“Nothing in life is to be feared, it is only to be understood. Now is the time to understand more, so that we may fear less.”  — Marie Curie

Secular theism has the potential to bridge much of the science-religion gap, by reframing theism as just another natural tendency, by studying it in this light, and by incorporating the “knowns” in theistic perceptions and practices into the scientific understanding of what makes people tick. It also has the potential to do a great amount of good otherwise. So think about it! #SecularTheism

It ain’t easy being a secular theist sometimes

So I was looking through emails, trying to find a link, when I came across this email which I sent to a correspondent in a fit of anger. I’m making it public because it gives a good amount of insight into who I am as a theistically inclined person, and it also illustrates how frustrating it can be to try to be myself among both theists and atheists, many of whom think that my being myself poses a threat to them and to the world.

It’s been edited to omit personal information and to utilize some of my more current conceptualizations:

Here’s the thing: I honestly cannot tell you how relieved I was when, as an adult, I realized that I could legitimately call my gods what they were to me: gods. There was no other word to describe what they were, even from the time I was young. They found me in nature and in stories, and I’d wanted to call them gods even then. I was stifled from doing so, for years and years, and I honestly think that inability and denial led to a lot of confusion and a lot of bad choices.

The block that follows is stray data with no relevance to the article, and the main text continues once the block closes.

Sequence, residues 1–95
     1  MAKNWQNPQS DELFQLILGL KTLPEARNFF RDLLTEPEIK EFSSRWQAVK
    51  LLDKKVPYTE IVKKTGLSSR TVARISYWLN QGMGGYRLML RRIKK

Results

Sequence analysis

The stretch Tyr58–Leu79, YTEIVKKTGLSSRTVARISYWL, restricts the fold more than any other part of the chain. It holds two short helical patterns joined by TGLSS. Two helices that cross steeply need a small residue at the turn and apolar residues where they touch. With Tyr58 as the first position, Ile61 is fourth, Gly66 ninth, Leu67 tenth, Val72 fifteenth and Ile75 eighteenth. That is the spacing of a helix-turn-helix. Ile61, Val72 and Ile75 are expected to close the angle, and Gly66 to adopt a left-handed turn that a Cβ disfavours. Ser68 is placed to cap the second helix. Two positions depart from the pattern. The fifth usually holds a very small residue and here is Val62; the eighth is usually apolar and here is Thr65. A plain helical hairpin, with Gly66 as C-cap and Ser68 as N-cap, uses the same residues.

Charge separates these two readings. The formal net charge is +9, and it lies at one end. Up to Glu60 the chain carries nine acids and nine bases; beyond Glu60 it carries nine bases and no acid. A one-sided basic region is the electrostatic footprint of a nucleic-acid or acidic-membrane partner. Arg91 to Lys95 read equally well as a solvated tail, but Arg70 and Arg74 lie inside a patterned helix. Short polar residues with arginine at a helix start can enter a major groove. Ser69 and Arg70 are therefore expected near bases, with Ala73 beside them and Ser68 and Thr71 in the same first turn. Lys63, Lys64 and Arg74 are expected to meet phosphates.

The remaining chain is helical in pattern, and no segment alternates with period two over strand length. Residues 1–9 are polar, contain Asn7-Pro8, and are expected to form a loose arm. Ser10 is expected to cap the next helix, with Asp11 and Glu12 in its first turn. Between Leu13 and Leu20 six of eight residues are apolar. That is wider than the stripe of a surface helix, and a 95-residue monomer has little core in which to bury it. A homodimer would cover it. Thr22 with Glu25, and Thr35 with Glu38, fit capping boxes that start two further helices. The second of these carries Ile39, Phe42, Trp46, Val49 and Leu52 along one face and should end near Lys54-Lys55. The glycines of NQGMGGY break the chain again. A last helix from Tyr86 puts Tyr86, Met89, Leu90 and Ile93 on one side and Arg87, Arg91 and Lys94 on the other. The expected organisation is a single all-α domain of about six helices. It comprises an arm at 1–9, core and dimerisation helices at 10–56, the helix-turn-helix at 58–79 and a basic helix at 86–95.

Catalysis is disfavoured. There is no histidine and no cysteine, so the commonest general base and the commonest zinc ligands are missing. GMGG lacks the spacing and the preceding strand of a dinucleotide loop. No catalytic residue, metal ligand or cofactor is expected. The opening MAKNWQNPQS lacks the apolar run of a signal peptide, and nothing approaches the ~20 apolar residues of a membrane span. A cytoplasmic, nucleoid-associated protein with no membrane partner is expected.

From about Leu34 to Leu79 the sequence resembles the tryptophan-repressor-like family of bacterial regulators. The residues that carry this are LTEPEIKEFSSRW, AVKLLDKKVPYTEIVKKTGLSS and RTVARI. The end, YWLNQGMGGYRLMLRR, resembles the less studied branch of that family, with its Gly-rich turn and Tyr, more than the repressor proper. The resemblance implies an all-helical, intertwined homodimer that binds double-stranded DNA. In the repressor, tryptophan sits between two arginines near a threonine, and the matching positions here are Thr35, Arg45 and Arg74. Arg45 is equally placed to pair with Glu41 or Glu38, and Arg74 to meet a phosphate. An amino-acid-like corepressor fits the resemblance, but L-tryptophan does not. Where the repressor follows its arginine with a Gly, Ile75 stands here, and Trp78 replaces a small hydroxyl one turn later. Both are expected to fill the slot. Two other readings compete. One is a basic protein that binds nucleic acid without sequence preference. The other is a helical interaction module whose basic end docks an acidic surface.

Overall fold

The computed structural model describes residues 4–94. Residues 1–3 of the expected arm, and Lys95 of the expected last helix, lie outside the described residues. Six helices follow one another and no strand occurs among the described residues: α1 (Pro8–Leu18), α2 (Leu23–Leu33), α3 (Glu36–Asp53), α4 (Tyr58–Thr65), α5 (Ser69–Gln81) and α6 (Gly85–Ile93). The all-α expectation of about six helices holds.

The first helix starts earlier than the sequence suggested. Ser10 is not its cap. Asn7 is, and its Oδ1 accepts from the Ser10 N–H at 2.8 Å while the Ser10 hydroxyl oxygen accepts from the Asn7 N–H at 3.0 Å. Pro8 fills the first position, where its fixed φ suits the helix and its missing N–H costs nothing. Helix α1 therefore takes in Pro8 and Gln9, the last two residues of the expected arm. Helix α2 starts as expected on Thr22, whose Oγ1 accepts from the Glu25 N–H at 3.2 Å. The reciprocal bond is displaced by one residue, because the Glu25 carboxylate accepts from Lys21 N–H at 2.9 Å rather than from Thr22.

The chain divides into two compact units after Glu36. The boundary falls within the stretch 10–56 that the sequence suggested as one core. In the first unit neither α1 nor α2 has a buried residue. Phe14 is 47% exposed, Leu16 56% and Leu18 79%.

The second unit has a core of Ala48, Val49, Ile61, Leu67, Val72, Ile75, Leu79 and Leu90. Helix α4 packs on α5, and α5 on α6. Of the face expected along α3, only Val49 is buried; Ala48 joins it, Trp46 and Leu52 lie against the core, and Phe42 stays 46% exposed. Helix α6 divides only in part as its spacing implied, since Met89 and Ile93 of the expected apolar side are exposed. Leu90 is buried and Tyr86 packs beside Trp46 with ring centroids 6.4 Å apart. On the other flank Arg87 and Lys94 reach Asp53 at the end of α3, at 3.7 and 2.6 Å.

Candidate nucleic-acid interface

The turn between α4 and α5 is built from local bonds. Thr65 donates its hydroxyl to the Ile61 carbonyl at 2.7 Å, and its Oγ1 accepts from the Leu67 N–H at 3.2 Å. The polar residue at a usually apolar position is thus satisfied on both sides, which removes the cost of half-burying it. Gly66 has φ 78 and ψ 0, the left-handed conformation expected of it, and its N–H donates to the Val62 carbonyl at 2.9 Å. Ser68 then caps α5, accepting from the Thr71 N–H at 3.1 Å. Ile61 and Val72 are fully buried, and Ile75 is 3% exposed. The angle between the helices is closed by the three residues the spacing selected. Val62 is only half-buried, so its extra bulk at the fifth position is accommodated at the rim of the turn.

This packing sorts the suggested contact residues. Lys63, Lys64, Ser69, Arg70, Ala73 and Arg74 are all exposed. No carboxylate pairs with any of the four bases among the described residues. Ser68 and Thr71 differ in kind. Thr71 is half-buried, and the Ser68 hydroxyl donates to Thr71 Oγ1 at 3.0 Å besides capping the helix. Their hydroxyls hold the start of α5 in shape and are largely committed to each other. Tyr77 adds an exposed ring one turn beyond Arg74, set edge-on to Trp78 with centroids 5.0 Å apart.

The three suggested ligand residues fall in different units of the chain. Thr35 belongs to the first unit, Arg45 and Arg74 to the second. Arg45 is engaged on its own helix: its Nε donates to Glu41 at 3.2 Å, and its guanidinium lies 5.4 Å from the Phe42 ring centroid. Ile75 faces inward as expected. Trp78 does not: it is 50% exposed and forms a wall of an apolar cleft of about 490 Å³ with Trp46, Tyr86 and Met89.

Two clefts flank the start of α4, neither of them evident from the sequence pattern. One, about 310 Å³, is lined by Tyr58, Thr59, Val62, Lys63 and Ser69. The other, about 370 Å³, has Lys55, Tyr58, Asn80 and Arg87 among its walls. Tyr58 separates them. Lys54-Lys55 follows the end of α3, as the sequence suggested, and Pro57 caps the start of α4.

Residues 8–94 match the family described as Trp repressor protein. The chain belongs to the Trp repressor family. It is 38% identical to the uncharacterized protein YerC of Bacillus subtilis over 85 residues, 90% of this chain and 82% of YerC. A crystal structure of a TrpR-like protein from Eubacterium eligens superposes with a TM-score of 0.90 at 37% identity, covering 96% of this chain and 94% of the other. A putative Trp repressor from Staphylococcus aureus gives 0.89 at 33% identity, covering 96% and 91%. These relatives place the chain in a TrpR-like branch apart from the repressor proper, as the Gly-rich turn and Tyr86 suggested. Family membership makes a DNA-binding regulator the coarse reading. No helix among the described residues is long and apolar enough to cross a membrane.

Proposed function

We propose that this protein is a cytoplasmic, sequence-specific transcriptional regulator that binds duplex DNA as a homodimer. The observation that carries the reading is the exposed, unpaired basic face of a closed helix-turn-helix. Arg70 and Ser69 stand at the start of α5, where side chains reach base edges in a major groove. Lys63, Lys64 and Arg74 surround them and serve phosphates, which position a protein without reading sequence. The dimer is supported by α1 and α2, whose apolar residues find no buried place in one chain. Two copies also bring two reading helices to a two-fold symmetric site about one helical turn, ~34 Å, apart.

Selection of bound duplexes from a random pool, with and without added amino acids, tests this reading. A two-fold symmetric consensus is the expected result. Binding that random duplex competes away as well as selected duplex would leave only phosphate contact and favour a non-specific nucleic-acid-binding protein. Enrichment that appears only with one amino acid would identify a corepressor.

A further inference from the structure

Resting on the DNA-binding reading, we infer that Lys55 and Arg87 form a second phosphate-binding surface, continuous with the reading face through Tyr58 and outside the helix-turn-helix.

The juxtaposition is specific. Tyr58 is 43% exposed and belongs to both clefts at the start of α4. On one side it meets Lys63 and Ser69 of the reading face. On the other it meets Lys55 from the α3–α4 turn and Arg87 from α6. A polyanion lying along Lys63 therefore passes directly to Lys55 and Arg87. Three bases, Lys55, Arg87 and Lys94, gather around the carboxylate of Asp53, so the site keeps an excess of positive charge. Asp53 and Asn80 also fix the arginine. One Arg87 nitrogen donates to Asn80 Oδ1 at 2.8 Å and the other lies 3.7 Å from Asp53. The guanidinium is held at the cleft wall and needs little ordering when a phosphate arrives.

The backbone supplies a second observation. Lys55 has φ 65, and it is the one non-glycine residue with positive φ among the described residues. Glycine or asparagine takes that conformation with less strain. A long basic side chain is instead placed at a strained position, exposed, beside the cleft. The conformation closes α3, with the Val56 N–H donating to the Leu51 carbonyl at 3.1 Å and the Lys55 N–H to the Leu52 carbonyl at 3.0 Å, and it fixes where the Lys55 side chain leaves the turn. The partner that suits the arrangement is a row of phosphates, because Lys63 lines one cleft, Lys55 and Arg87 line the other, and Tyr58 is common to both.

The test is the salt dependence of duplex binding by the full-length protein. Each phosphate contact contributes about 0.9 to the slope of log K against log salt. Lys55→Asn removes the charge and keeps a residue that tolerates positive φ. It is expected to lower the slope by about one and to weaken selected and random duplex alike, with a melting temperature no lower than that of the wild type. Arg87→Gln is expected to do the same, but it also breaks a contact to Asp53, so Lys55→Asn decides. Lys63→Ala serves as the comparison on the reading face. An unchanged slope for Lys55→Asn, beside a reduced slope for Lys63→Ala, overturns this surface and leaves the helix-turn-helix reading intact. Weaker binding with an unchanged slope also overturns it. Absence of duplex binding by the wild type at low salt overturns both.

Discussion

When I finally began to treat them as gods things began to clear up. You’re probably familiar with the idea of personal gods, so it’s going to be no surprise to hear that these gods spoke to me. I would talk; they would talk back. They would say amazing things which helped me to understand myself. I don’t know why, but seeing myself in them, interacting with them, and striving to delve into their mystery turned night into day. I grew as an artist, as a creator, and as a person, like I’d never before grown.
 
It was life-changing. It was illuminating.
 
And then, imagine my surprise when I began to look at the literature on the subject of divinities through the ages, and saw that what I was doing was probably such a natural thing for people to do…  It seems like people always had this inclination— to relate to aspects of life by way of divinities. And so much baggage has been attached to it, which is understandable. The experiences are so powerful, and people have always wanted certainty, so of course they’ve attached unnecessary objective value to them. But without all of that it’s one of the easiest and most innocent things in the world to do, this whole experiencing and relating to the world through divinities thing, at least for me. For me it made all the difference.
 
I have gods. I’ve always had them. Even before I understood what religion was I had them. Even after I left religion I had them. This is me. This is natural. I’m not anti-scientific. I’m not claiming absolute knowledge or anything. I’m just being myself.
 
But I can’t be myself in rational circles without being subjected to some of the most infuriating dogma that completely invalidates me. People don’t need divinity? People who turn to divinity are unscientific or stupid? Divinity has to be something that runs counter to science? Divinity is just something invented by societies? Divinity is just something that people “believe in”?
 
Where the hell do these so-called scientists get off anyway???